My last time on this crest of the Mönch was 11 years ago, to be precise. I hardly recognize it. The glacier at the base of the ridge is considerably lower, and a steep rocky stretch at the beginning makes it more challenging. In reality, the advancing age of those coming to the glaciers also amplifies the perception of their objective worsening. I’ll have to come to terms with that. 

So the next morning we leave the hut just before sunrise and let our skis run downhill along the gentle slopes of the Jungfraufirn. In reality, we are exactly at the head of the Aletsch Glacier, which from here extends as far as the eye can see, for more than 20 kilometers, toward the southeast, with a maximum ice thickness of about 900 meters, which still bodes well for its survival. Denis, drawing on his extensive experience, leads the party. Not that there are any particular difficulties, but we are still on a massive glacier, and it’s better to proceed roped up. We go around a series of large seracs and deep crevasses, perfect backdrops for photos. The pace is certainly not what

Denis would impose if he could. His victories in the Mezzalama, the Pierra Menta, and the ski mountaineering world championships, his great performances at high altitude, his extreme descents, have little connection to what we’re doing, but it’s his first time in these mountains and we recognize that his eyes and his brain observe in a different way from ours, projected more into a hypothetical future than in the “meager” present.

Nadine, in contrast, despite her little more than 20 years of age, is the host welcoming us to her mountains. She explains to us the entire orography of the territory and tells us about the almost infinite possibilities for ski mountaineering. She confirms that she has to go back to work, so, after the descent, she’ll bid us farewell, climb back up the glacier, and throw herself down the Lötschental, which, with its 2,000 meters of elevation loss, will take her to the bus and then to the train home. More or less like when I go to Milan by public transport. And that’s what happens: we descend to the Aletschfirn and tell her goodbye, and ask that she at least send us a message when she gets home.


With four of us left, we split up further: Denis and Andrea, never daunted, decide to go to Konkordiaplatz, continue toward the Grünhornlücke, and return to the Konkordia hut, while Ruggero and I are satisfied with the basic plan that includes climbing to the hut directly from Konkordiaplatz.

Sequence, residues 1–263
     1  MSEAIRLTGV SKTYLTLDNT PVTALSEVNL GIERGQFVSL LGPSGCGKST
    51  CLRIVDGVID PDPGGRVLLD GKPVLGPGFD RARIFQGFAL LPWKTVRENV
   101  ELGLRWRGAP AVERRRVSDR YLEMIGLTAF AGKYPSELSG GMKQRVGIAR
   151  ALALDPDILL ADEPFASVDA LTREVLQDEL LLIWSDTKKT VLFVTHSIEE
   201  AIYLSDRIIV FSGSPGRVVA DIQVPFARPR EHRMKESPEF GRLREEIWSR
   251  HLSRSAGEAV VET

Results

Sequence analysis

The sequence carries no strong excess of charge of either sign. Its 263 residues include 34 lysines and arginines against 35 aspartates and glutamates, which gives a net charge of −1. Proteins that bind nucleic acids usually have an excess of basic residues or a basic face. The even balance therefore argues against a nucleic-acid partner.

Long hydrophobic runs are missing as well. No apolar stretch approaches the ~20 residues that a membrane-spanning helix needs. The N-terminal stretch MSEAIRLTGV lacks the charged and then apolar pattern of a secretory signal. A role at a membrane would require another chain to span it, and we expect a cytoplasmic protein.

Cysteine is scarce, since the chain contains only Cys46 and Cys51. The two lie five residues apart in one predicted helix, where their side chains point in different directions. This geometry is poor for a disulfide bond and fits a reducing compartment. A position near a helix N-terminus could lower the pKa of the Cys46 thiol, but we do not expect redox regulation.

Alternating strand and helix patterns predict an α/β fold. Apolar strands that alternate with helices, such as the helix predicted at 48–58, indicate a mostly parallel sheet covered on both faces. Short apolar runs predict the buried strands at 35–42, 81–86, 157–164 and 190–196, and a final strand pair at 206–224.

Konkordiaplatz is a glacial version of a real city square, much larger than the Parisian one whose name it mimics. It’s an immense white plain at the confluence of five glaciers, where, it’s said, a jumbo jet could land. At the eastern end of the plain rise the rocky spurs on which the Konkordiahütte is placed, the hut that over the years moves higher and higher. Of course, it’s the glacial plain below that’s sinking, but the fact is that the difference in height continues to increase. Since the last time I was here, the metal staircase to the hut has been replaced with a much higher and more direct structure. We meet people who are forced to clip in due to dizziness.

We finally reach the hut. It’s full and we are assigned to the winter quarters. Better this way — we’re out of the crowds and we even have a little room to ourselves. Even if we have to deal with the most treacherous stretch of the entire crossing, the short icy path that connects our annex with the main building, wearing our Crocs. The sun is out, which is helpful for climbing skins, shoes, sweaty shirts. A potentially lethal mixture of odors that disperses without a trace in the thin air. We immerse ourselves in the life of the hut, which is always the same, made up more of time to pass than time that passes. Almost a waiting room, filled only with small things and basic needs, dinner above all. And photos, always, of the immensity of the landscape, of the people, of the details of this Alpine microcosm so populated and so far from everything else.

It is precisely the immensity that puts us to the test the following morning. Having returned to the glacier early, careful not to slide off the stairs, we recross Konkordiaplatz and move onto the wide and almost flat Grosser Aletschfirn again. A long journey awaits us, with always the same steps and a precise direction, toward the Lötschenlücke. We realize once again that this is one of the few Alpine places where those who’ve experienced the Himalayas relive many of the same feelings: the grandeur, the expanded distances, the never reaching your destination, the dots in the distance that remain dots for hours. The glaciers of the Jungfrau-Aletsch region are small-scale models of the frozen Baltoro belt, or the great Khumbu glaciers.
It’s like this also for the last descent into the Lötschental — infinite, a sort of slow decompression, a gradual return to civilization, until Denis’s final observation: “Nice, but next time more elevation gain, fewer kilometers, and a bit steeper gradient.